I feel like my life has been dominated by
Nyx's dialup issues for a month now.
For some years now, Nyx has been using a T1 line--initially a channelized T1, more recently
a PRI circuit--for its local dialup access. Over the years, the cost has steadily climbed while
analog dialup modem use has been dropping. Even having a contract that theoretically
guarantees a particular monthly fee for the line doesn't stop the price from continuing to
climb as the provider (in this case, ICG) keeps adding new fees and surcharges onto the
"fixed" fee in the contract.
With the contract with ICG finishing up at the end of January, I'd been getting things set
up to try outsourcing our dialup lines to a reseller, in this case, Skycomm.Com aka Riva.Net.
Supporting remote dialin over the internet was more complex, but it made it possible for
Nyx to pay for fewer lines and still retain 56K support. Nyx users donated some extra funds
to cover the switch, since the ICG bill was due after the period covered, while Skycomm had
to be paid in advance, so for the first month, Nyx would have to pay for dialup service twice.
To make it a little easier, the agreement with Skycomm included no setup fees and a week of
After some late nights and a lot more work than I expected, everything was ready to go in
time for the switchover...except that within two hours of the switch, Skycomm shut off Nyx's
service and then demanded immediate payment of a setup fee in excess of $700. Mysteriously,
they wouldn't return phone calls made to both their Houston and Maryland offices and they
didn't respond to email to their billing department trying to straighten this out. They did,
however, continue to advertise prominently on their website that they were waiving all
So the PRI line from ICG was off, Skycomm wasn't providing service either, and that left Nyx
without any dialup service at all. To tide things over, I ended up running my fax line downstairs
to the server room where I've set up a terminal server and a modem so there'd at least be
something while I scare up another way to handle dialup and the equipment to support it.
But while I'm working on setting up and testing all manner of hardware and dealing with
the weirdness that lurks in the telecommunications industry, I ran into some other forms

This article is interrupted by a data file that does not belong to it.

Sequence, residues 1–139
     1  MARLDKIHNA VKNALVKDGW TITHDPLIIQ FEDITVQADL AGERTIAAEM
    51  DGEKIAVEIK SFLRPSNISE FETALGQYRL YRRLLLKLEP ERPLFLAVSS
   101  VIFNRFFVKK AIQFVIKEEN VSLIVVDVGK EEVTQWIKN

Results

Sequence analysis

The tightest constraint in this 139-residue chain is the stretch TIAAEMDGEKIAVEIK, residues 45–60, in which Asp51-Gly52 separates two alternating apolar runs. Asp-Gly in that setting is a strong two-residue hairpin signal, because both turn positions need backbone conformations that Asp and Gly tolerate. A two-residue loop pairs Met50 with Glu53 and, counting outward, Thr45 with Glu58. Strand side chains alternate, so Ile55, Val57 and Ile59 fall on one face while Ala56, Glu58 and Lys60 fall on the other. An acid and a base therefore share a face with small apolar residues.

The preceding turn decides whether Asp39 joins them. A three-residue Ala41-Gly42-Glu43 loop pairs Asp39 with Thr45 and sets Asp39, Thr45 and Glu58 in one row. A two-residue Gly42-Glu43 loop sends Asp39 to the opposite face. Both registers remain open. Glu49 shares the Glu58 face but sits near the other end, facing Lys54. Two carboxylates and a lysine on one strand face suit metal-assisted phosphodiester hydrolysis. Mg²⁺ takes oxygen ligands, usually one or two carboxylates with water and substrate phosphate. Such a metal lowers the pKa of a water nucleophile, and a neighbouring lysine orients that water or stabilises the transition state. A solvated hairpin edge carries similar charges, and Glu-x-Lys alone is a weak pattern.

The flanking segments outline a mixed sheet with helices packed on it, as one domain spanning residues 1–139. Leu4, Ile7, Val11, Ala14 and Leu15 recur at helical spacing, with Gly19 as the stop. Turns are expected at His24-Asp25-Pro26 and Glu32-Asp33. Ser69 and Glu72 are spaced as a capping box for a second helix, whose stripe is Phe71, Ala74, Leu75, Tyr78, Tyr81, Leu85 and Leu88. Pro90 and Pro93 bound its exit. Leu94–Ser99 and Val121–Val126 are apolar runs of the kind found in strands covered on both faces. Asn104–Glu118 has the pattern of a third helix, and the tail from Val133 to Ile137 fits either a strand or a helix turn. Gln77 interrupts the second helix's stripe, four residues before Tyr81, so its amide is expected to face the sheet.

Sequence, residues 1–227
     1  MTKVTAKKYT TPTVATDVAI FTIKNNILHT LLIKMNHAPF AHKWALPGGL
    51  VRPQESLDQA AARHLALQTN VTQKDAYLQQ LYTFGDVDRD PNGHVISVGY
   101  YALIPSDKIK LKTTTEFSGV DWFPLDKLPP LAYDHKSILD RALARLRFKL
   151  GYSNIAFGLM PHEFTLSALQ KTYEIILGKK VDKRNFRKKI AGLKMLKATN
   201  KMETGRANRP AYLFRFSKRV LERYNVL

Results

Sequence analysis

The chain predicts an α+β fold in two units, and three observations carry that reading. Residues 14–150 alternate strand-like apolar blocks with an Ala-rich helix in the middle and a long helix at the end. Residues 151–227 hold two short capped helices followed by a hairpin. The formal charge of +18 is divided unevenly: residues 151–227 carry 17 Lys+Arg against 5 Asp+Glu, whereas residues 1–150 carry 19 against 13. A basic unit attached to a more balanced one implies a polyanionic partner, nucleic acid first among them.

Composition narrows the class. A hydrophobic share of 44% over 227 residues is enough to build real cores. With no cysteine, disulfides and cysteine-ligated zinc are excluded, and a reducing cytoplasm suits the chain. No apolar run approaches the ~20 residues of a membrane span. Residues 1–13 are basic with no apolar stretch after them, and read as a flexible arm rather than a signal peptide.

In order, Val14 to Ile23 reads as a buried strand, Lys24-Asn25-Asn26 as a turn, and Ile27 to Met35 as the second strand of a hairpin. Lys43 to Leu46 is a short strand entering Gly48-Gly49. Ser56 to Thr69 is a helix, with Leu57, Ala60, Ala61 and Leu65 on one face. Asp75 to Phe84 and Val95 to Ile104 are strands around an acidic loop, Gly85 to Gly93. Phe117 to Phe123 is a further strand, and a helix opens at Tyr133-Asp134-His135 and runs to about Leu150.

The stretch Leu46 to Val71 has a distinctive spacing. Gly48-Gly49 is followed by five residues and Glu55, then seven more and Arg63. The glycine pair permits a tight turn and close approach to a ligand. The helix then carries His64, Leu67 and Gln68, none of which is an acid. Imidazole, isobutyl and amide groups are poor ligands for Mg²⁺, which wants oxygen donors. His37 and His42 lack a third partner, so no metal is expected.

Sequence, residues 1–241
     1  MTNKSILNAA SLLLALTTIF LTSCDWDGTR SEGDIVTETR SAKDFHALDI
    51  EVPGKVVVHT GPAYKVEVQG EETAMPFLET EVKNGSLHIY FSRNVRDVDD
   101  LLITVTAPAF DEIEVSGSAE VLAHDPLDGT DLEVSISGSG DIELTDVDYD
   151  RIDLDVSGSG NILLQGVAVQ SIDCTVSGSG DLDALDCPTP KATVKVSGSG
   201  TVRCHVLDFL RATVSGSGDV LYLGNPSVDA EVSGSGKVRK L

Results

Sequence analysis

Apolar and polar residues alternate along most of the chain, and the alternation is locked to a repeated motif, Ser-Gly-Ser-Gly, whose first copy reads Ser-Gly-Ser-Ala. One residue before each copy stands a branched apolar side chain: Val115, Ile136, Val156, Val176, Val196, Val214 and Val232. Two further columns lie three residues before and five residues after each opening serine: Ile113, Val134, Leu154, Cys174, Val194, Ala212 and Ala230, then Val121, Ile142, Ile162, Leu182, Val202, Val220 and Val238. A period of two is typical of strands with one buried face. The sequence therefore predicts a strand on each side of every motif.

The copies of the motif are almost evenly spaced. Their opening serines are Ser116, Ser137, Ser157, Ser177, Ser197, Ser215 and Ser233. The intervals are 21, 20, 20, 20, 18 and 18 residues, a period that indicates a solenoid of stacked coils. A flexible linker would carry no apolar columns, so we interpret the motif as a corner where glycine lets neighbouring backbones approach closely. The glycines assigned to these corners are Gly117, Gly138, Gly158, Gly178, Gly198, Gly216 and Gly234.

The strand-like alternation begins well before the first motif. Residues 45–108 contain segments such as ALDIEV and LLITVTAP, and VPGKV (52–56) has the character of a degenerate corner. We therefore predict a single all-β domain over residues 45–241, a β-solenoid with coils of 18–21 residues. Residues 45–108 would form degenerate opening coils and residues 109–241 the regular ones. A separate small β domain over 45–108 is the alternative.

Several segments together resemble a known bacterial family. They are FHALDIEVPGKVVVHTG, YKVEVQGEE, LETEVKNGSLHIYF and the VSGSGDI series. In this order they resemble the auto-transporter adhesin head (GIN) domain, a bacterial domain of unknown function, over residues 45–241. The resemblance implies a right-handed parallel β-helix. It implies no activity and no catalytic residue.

of weirdness lurking out there on the net:
In the "Books I Never Would Have Thought Of" category, Llumina Press presents
Swollen Colons Out and About
by Arlow Moreland. Quoting the publisher:
Swollen Colons Out and About takes a humorous look at incorporating a swollen colon in everyday life.
From everyday uses, to "impressing" your peers, to unique expressions, the swollen colon is sure to
find a place in your heart.
The dining commons at California State University inspired Arlow to create this book about swollen colons.
I must confess that never before had I spent so much as a moment thinking about swollen colons
(except, perhaps, as punctuation to be used in turgid prose), let alone taking a colon that has somehow left
the rest of the body behind out for a walk. If nothing else, the description of this book is enough
to convince me never to eat at the California State University dining commons.
They've done horror movies about disembodied brains and hands before; why not intestines?
Ummmm...now that I think about it, I can come up with quite a few reasons.
But speaking of eating, Sony has come up with what may be the most brilliant marketing
idea so far this year: now, if you happen to feel hungry while playing a game of Everquest II,
you can type in
get one delivered right to your door.
I think this is just the beginning of a new trend: give it a year or two, and you'll be able
to order all kinds of food, beverages, and computer upgrades right inside video games. It may be
longer, however, before the technology reaches the point where you'll be able to use the
restroom in the video game and have it work in real life...so if you keep ordering video game
pizza without ever leaving your chair to attend to other bodily functions, I suppose you
could run the risk of getting a swelled colon.
But at least you can order Arlow's book, too, so you'll be able to "impress" your peers with
your swollen colon.
(and...ummm...no, I don't want to know)